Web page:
“I never understood why when you died, you didn’t just vanish, everything should just keep going on the way it was only you just wouldn’t be there.” – Andy Warhol
Andy Warhol once claimed that throughout all his work persists a theme of death and mortality. However, his work seems to directly challenge this finite view of human existence. Almost three decades after his death, Tate Liverpool’s Transmitting Warhol exhibit proves that Warhol’ s legacy and artistic message are not only relevant, but even prophetic.
From November 7 to February 8, the exhibition Transmitting Andy Warhol has been on view at the Tate Liverpool Museum and has received tremendous reviews from the art world. The exhibit guides the viewer through Andy Warhol’s career, opening with one of his most iconic pieces- his 1964 Flowers piece. Warhol’s Campbell’s soup cans line the walls of the museum, along with his famous Brillo Boxes. Ironically, these now priceless works of art contradict Warhol’s original intent for his “pop art” work, in which he attempted to democratize art by creating mass-produced commercial images that were accessible to everyone.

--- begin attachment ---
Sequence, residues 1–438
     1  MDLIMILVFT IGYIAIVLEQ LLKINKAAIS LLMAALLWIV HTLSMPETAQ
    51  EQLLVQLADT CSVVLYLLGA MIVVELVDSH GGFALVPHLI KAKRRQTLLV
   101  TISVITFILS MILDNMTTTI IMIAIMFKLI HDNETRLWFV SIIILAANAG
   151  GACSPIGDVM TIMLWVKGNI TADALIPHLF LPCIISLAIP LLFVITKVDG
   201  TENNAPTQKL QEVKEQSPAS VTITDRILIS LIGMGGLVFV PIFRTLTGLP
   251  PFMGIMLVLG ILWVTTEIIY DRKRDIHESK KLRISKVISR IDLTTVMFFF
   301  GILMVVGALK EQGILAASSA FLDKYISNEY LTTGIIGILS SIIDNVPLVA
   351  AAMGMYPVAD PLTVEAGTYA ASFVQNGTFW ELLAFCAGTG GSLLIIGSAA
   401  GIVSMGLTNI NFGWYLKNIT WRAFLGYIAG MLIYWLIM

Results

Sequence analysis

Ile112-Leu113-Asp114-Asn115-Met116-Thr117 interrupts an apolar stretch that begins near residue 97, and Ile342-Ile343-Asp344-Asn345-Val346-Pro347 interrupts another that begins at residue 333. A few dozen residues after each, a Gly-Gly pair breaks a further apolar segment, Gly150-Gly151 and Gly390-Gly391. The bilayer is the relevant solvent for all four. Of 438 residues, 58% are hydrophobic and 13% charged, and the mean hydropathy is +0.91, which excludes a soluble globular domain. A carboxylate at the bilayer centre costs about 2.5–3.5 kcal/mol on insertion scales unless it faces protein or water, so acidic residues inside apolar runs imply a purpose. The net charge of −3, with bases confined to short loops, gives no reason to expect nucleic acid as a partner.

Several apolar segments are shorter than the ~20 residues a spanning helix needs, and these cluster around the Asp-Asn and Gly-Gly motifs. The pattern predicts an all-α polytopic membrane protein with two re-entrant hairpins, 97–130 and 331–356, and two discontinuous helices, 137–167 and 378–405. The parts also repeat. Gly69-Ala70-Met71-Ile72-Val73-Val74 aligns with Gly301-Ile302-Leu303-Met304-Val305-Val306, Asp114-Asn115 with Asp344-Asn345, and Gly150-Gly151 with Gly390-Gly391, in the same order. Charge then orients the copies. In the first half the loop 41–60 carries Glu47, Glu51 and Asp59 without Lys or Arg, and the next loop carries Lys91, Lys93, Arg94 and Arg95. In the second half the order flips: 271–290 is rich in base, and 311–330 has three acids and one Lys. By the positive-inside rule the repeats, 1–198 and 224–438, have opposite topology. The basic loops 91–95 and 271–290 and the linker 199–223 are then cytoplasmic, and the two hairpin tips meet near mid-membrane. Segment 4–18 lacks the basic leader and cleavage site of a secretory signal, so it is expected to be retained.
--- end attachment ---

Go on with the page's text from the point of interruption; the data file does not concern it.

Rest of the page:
Transmitting Andy Warhol is truly a multimedia experience, and in this way demonstrates how Warhol transcended the strictly visual sphere of art. The Transmitting Andy Warhol exhibit recreates the Exploding Plastic Inevitable, the club which Warhol created to showcase the music styling’s of The Velvet Underground. As a “total art” event, live dancers and underground house and experimental techno artists perform at special night viewings of the exhibition.
The show’s installation illustrates how Warhol potentially prophesized the modern digital age. The exhibit showcases Warhol’s films Sleep and Empire, which are said to have anticipated reality TV and possibly even social media. In his review of the exhibit, Alastair Smart of The Telegraph claims that Warhol is “right up there with Orwell” in his ability to prophesize modern day’s techno-centric society.
Leave it up to England, a modern country rooted in a deep, long-standing history, to beautifully demonstrate the visionary and eternal nature of Warhol’s work.